The Four Noble Truths
If we don’t know our own suffering,
we are bound to repeat it.
— Paul Baranowski
The Buddha taught only one thing during his forty-five years of teaching: how to be at peace with what we experience. All of the Buddha’s teachings focus on this single goal, and it is because of this goal that the Buddha was able to dismiss all metaphysical and philosophical speculation. On the night of the Buddha’s enlightenment, he discovered what are called the Four Noble Truths. It was these truths that he spoke in his first Dharma talk:
- We experience suffering and it is possible to identify it.
- There are causes which lead to suffering.
- It is possible to free oneself from suffering.
- There is a path that leads to freedom from suffering.
All other Buddhist teachings are derived from these four truths. These truths are absolutely fundamental to understanding Buddhist training. They are both the beginning and ending of the spiritual journey.
These truths can be looked at as the answers to the following questions:
- What is the problem?
- What is the root of the problem?
- Is there a solution?
- How do you put the solution into effect?
Because sometimes too much emphasis is placed on the first two truths, Thich Nhat Hanh likes to express these truths as follows:
- Well-being(Happiness) is possible. (#3)
- There is a path that leads to well-being. (#4)
- We experience ill-being. (#1)
- There is a path that leads to ill-being. (#2)
These truths can also be seen as:
- The cause(#4) and effect(#3) of well-being.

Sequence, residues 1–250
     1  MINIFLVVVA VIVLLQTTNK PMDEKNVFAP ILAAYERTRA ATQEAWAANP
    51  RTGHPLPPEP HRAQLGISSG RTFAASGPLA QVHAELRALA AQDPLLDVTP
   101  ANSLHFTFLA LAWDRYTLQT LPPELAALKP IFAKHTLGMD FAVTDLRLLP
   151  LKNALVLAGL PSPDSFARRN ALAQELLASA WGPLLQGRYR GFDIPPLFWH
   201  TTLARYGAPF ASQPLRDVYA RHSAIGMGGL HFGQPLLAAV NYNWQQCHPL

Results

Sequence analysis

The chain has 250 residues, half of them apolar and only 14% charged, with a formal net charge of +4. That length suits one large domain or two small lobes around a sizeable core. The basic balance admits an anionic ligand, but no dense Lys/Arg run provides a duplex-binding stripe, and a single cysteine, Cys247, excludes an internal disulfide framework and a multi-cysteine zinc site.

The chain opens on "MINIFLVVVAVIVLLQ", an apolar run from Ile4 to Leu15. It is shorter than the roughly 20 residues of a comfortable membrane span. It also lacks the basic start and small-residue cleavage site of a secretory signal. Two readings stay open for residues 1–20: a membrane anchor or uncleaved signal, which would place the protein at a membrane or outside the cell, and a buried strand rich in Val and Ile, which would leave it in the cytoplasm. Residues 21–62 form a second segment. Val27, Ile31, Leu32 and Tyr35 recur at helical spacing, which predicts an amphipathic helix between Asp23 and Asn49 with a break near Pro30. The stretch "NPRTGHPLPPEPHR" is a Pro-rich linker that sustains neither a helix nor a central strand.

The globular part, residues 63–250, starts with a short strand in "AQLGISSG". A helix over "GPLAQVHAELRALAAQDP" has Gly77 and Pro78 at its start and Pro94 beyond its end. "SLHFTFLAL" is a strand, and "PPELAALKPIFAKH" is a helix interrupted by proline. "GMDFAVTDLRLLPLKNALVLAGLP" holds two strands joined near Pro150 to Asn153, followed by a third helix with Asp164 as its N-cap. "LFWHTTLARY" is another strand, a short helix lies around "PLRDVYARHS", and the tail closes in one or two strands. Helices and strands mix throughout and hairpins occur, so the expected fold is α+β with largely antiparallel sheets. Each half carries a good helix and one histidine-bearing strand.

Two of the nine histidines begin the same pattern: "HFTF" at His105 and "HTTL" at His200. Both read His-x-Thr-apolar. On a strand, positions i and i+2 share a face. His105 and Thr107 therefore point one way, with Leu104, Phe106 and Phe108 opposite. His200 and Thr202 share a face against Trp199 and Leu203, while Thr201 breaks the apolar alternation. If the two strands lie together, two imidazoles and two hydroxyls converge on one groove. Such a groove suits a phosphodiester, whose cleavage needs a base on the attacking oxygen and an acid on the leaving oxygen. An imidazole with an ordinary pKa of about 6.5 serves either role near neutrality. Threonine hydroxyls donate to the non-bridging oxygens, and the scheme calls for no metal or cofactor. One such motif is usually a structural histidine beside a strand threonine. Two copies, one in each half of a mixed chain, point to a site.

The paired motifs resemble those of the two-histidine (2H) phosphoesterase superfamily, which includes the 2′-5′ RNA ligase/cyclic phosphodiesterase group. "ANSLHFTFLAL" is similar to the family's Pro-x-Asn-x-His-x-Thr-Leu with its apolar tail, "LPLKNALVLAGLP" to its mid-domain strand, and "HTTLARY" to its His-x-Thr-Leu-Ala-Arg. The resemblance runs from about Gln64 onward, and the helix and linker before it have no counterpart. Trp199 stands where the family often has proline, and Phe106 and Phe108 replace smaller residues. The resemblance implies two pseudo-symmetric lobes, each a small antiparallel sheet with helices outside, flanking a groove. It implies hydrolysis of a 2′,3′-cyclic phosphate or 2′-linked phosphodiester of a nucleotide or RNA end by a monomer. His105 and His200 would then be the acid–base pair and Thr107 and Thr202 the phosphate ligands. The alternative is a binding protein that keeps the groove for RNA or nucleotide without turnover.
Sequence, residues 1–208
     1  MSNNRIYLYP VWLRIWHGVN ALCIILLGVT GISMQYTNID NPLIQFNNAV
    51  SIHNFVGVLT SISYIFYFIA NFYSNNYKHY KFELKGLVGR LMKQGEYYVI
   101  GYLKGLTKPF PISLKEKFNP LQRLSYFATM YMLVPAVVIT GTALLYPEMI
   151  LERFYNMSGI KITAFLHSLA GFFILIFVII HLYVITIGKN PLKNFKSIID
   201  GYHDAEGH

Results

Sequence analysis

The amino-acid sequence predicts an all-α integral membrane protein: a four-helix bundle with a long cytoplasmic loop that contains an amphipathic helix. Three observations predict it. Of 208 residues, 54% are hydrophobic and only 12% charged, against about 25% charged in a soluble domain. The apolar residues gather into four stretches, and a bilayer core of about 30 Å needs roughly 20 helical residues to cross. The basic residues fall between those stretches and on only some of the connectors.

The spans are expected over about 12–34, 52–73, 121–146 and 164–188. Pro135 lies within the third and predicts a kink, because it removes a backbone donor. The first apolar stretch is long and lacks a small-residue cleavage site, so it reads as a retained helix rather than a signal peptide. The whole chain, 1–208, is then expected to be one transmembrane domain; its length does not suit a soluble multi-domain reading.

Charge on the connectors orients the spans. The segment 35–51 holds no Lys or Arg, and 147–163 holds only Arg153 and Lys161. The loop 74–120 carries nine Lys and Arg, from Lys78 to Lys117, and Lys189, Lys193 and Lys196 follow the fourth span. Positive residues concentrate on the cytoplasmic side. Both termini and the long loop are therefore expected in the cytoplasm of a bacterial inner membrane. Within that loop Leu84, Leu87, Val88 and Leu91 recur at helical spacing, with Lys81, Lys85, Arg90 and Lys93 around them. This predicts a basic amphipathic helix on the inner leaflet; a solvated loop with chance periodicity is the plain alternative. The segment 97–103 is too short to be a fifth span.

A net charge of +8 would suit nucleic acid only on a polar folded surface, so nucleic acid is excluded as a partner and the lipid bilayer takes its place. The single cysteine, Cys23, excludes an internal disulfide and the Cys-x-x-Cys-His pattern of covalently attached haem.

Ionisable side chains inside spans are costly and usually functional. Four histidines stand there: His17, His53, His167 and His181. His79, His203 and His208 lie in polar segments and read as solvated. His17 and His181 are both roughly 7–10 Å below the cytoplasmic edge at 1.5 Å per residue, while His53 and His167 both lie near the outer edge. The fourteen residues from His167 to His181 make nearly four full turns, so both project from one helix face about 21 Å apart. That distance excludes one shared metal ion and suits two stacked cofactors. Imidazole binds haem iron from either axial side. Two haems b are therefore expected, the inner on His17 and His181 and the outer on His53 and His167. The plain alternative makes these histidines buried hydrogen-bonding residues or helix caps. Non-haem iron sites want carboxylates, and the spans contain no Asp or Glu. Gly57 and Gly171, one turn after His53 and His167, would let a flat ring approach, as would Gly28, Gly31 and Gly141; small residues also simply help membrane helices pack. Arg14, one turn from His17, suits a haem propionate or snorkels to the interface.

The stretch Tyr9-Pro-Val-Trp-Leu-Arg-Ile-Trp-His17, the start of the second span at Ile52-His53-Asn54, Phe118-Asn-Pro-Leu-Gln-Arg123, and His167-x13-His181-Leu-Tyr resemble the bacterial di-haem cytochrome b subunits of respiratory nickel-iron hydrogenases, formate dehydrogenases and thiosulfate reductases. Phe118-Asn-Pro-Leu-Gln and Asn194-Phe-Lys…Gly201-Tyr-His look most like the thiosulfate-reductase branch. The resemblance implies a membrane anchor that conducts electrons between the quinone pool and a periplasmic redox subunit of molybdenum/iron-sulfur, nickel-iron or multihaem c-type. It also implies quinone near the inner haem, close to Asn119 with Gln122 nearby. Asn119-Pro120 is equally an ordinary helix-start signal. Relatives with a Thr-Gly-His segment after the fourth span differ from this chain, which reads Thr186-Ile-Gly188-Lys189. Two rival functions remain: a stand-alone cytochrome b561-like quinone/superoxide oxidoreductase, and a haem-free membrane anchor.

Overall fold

- The cause(#2) and effect(#1) of suffering.
What is the problem?
The problem is that we experience suffering. Suffering is different from pain. Pain is inevitable, but our reaction to pain, which is what suffering is, is something we can do something about. We have a lot of experiences that are unpleasant, for example: depression, despair, fear, stress, terror, insecurity, sickness, anger, hurt, hatred, not having enough of something, and physical pain. Most of our lives are spent working to avoid the feelings that we are experiencing. It is a very natural and healthy reaction to try to deal with our pain. The problem is that we are usually very unskillful about how we do it. The things we do to manage our emotions often create more difficulties for us, not less. We also have a vague sense of unsatisfactoriness in our life. No matter what we do, it’s not quite good enough. We are always asking ourselves “what next?”. Once we get what we once thought would bring us happiness, we again look to what the next thing is missing in our lives. The present moment is not good enough, so we look for our happiness in the future.
What is the root of the problem?
Where does suffering come from? Suffering comes from not wanting to experience what is actually happening in the present moment. Seeking for happiness outside of ourself is one of the main ways we avoid what we are feeling.
These three reactions to our experiences bring us the most suffering:
- Aversion (also translated as hatred, anger)
- Craving (also translated as desire, greed, attachment, attraction)
- Delusion (also translated as ignorance, indifference)
Aversion is “not wanting something”. for example: anger and hatred come from not wanting something to happen, not wanting to experience emotional pain, not wanting to grow old, not wanting to die, fear of getting sick, anxiety, loneliness, depression, sorrow, terror, despair, and not wanting to be separated from the pleasant.